Every time a new task arrives, time is lost in putting down the existing work, assessing the new piece, kitting the mind with whatever it needs to draw on from the deeper recesses of memory and then executing according to whatever drives your sense of priority. Sometimes the decision may be to not change tasks. However, the effort in making the decision still robs the existing task of the benefit of its manager’s ability to work in flow, to focus, and to finish before assessing what to do next.
To test and prove the impact of multitasking on productivity, you can do the very quick experiment outlined below.
– You have been assigned to a program, composed of 3 projects, to be finished ASAP and with high quality.
– The goal for Project 1 is to write 20 letters in alphabetic order from A to T
– The goal for Project 2 is to draw 20 symbols in this repeating sequence:
-The goal for Project 3 is to write numbers from 1 to 20
In the first test, we are going to try to keep all three project managers a little bit happy. Thus, take a blank sheet of paper and divide it into three columns, headed Project 1, Project 2 and Project 3. Now find a stopwatch. (Go ahead, I’ll wait.)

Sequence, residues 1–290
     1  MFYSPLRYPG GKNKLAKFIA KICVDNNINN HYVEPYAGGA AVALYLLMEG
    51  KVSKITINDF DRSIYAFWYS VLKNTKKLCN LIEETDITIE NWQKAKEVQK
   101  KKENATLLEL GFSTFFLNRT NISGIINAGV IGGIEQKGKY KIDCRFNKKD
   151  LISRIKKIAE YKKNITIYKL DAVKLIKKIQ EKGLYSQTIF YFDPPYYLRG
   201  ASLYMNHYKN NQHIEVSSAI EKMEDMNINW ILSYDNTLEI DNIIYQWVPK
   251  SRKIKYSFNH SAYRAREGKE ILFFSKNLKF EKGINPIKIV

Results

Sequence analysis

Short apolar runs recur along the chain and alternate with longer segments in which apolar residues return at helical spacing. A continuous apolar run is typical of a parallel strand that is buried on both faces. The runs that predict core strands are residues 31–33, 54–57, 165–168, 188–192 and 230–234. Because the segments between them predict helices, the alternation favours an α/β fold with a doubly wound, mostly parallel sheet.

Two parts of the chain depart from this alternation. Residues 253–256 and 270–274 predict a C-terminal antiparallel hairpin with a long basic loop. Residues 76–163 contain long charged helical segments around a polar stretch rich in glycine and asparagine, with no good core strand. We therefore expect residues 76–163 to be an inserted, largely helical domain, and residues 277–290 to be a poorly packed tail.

When you are ready, press ‘Go’ on your stopwatch and work across each row: A, followed by ∆, followed by 1; then B followed by O, followed by 2 and so on, all the way until you have got to the row you fill with T, followed by ∞, followed by 20. It’s essential to work across the rows as you make your way down the columns. As soon as you’re done completing all the cells, record the finish time from your stopwatch.
For the second test, we want to simulate working in flow, without forcing the brain to change continually between letters, symbols and numbers. Thus, once again mark up a blank piece of paper with three columns, headed Project 1, Project 2 and Project 3. Start your stopwatch and go down the whole of column 1, marking off all the letters from A to T, before moving across to the repeating pattern of symbols. Once you have placed the infinity symbol in the last box, jump over to Project 3 and complete the column with numbers 1 through 20. Once again, as soon as you have completed the entries into all the cells, record the finish time on the stopwatch.
I would be very surprised if you took longer working in flow than you did when multitasking. Even when you are in the process of completing each box, when executing the multitasking option, you can feel the brain-strain of switching from letter to symbol to number and back again. By contrast, when working in flow, there is far less mental effort running through first the alphabet, then a symbolic sequence and finally a logical numeric one.
Think of your work as soft rubber balls flowing through a well-oiled pipe, in the middle of which is a valve. Imagine that the valve has a diameter which is 25% smaller than the pipe on either side of it. At the beginning of the flow, you’ve installed a bloody great pump, calibrated to deliver a steady flow of these soft rubber balls, based on the diameter of the pipe—not the valve. Pretty soon, you’re going to gum up the works, and the whole system will come to a standstill, smashing the pump, breaking the valve or puncturing the pipe—perhaps all three.